U.S. Pat. No. 3,426,632 to Ahles et al., hereby incorporated by reference, also teaches a staple cutter which includes a pair of rotatable, contiguous tow-clamping disks, having affixed at their peripheries a series of flanged teeth in abutting relationship adapted to grip and advance tow therebetween, and a rotatable cutting member or flying-knife cutter synchronized to pass through or cut tow and pass between pairs of the abutting teeth.
A method and apparatus for cutting elongated material into short lengths is provided. The method comprises the steps of: compressing the elongated material at discrete intervals transversely, slightly tensioning the elongated material along its length between intervals, pressing the slightly tensioned elongated material between intervals against a cutting edge, and cutting the elongated material with the cutting edge. It is preferred that the cutting blades be mounted in a spaced relationship and define a closed geometrical figure, the cutting blades being rotated as a unit.
The present invention also provides an improved apparatus for cutting elongated material into predetermined lengths. The apparatus comprises a rotatable cutting roll having a plurality of radially extending cutting blades, and a cooperating second roll. The rolls rotate in opposite directions with the elongated material passing therebetween. The improvement comprises forming at least a coating of the second roll of an elastic material and providing the cutting roll with a plurality of projections radially extending therefrom circumferentially. At least one of the projections is located on each side of a cutting blade and extends further radially from the normal periphery of the cutting roll than the blades. The coating of the second roll is engaged by the projections in succession to compress the elongated material therebetween.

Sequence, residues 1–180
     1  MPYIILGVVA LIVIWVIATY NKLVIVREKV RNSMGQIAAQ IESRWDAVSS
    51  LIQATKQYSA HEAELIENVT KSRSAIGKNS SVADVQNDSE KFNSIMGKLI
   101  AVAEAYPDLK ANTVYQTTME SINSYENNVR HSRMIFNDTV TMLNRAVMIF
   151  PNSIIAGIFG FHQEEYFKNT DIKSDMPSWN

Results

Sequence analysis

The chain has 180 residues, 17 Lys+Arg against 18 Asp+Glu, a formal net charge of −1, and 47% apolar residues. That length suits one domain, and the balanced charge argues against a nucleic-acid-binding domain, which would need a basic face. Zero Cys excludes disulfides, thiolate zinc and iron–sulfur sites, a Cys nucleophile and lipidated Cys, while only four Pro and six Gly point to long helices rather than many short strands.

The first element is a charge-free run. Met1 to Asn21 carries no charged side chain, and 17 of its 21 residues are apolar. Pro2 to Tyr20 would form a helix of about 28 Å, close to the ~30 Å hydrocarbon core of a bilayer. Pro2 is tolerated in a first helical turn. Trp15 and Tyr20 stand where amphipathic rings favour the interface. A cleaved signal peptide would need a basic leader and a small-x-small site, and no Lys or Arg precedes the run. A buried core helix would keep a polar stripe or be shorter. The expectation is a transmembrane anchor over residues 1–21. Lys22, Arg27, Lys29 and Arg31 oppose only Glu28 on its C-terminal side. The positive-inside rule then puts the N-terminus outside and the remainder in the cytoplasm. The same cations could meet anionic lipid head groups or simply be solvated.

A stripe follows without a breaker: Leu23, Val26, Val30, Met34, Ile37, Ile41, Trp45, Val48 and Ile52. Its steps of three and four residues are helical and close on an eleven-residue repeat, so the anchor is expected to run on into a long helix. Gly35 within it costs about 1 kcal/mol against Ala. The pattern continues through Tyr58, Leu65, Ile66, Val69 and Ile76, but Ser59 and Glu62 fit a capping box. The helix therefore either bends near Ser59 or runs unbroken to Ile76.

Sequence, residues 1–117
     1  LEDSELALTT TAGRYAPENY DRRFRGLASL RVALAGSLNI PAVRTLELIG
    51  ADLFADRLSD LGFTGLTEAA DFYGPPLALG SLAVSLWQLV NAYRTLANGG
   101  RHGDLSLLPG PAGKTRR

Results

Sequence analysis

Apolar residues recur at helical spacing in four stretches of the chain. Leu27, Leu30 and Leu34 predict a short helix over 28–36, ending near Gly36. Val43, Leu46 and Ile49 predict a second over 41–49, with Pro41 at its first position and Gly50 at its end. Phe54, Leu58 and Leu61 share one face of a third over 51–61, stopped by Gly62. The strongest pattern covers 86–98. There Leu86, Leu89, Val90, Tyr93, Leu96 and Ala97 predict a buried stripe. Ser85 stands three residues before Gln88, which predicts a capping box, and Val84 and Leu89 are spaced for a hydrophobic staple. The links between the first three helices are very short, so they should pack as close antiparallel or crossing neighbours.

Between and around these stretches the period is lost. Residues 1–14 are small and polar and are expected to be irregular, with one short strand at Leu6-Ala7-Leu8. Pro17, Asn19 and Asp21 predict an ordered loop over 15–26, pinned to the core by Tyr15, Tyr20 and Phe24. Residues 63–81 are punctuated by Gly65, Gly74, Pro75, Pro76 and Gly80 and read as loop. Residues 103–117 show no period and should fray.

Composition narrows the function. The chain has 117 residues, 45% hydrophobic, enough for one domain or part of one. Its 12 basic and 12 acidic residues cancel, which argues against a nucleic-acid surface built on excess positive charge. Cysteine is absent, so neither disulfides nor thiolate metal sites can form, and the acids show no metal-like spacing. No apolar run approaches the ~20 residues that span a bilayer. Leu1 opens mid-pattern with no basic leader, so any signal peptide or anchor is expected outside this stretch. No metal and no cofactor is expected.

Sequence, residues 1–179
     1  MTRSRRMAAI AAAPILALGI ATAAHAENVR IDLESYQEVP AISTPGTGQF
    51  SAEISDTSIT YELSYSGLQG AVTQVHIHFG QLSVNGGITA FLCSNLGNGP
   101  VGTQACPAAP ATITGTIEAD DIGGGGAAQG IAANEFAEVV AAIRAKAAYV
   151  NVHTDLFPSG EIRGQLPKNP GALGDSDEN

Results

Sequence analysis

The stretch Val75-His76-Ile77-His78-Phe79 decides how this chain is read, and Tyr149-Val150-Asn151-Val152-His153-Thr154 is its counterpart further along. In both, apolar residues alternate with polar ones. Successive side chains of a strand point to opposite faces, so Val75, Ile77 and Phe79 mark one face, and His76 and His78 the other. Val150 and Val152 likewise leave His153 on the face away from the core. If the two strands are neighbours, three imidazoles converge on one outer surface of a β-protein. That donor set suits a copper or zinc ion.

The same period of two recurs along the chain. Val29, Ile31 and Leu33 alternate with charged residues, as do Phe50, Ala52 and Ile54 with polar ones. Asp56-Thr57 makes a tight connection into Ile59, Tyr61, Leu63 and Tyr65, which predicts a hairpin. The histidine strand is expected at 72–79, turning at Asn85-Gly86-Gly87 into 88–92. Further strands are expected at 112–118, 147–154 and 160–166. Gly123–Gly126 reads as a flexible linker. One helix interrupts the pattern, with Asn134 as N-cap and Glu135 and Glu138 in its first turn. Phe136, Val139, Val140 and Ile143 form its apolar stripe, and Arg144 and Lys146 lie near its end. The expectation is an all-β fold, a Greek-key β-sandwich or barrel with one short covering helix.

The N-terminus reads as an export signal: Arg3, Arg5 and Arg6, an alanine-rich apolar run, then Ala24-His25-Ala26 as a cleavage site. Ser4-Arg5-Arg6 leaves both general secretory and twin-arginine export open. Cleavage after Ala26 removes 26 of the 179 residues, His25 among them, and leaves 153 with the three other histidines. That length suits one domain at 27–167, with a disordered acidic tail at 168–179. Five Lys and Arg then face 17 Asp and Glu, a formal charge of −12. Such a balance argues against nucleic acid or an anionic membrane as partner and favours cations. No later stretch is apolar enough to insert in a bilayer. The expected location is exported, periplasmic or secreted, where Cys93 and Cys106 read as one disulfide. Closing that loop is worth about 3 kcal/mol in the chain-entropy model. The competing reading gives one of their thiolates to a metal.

The projections adjacent each blade must be sufficiently close to the blade to achieve compression of the yarn by both projections with the pressure roll (second roll) simultaneously. For cutting rolls having a diameter of about 1 to 2 inches (5 to 10 cm), and wherein the pressure roll has an equivalent diameter, at least two of the projections are preferably located on each side of a cutting blade and extend further radially from the normal periphery of the cutting roll than the blades.
The present invention also provides apparatus for cutting elongated material into short lengths which comprises: means for compressing the elongated material at discrete intervals, means for tensioning the elongated material between the intervals, and means for pressing the slightly tensioned elongated material between intervals against a cutting edge to ultimately cut the elongated material therewith.